The gap hits five minutes for Yoann Offredo, who picked the short straw and is being forced to ride this one on his own out ahead of the peloton. Still, there are worse ways of spending the day: the sun is out, so are the fans, and there's been a succession of handsome towns for him to take in. What's not to like?

182km

There's just the one KOM point up for grabs today so that means Tom Skujins (Trek Segafredo) will enjoy another day in the polka dots tomorrow - provided he can finish today's stage. The Latvian leads the climbers' classification on 6pts with his nearest rivals on 4pts.

185km 

Offredo's gap is more than three minutes now as the our lone leader passes through the pretty town of Mayenne, which includes a nasty ramp into the centre square. The fans are out in their droves.

188km

With just one rider up the road that will add more intensity to the intermediate sprint when it comes along at 62km from the finish. After all, today is a very important day for the battle for green - and Fernado Gaviria will be looking to slash Peter Sagan's lead in that competition as much as possible today. Both riders have won two stages each so far but Sagan's consistency sees him lead the green jersey competition with 199 points with the Colombian on 156 points. Alexander Kristoff is a distant third at 88 points.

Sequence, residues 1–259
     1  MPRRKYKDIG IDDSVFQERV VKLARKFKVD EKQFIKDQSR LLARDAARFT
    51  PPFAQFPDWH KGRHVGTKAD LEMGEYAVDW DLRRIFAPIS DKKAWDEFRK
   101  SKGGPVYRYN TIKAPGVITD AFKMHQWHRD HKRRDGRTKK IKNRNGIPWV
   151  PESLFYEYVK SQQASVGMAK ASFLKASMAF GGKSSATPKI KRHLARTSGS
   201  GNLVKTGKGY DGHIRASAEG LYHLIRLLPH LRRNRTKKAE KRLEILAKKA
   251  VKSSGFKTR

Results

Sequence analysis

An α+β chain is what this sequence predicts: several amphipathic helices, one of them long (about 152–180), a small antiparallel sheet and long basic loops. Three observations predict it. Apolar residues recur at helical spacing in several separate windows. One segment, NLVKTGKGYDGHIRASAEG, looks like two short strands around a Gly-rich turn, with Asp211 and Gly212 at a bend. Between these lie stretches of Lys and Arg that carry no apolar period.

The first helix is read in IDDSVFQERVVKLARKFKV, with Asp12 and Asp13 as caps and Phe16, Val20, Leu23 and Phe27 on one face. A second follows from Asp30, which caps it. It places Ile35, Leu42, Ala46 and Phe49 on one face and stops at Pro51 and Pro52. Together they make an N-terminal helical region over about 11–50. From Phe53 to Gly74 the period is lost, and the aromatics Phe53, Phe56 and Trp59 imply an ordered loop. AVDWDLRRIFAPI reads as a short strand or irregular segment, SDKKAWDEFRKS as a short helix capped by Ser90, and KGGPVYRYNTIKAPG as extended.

190km

Offredo, probably under team orders, has managed to build up a lead of two minutes on the pack. No one is interested today because it's 99.9% likely to end in a bunch sprint in Chartres.

193km
196km

ATTACK: Yoann Offredo decides to have another pop! The Frenchman from Wanty-Groupe Gobert looks more committed this time - although he's found no reaction from the peloton so may have to do this one alone.

200km

Blimey, there are still two-hundred kilometres of this one... while things are quiet, a quick reminder of who leads the race. Greg van Avermaet is in yellow with a three-second gap over Geraint Thomas, five seconds on his team-mate Tejay Van Garderen, six seconds on Julian Alaphilippe and 12 seconds on Philippe Gilbert.

205km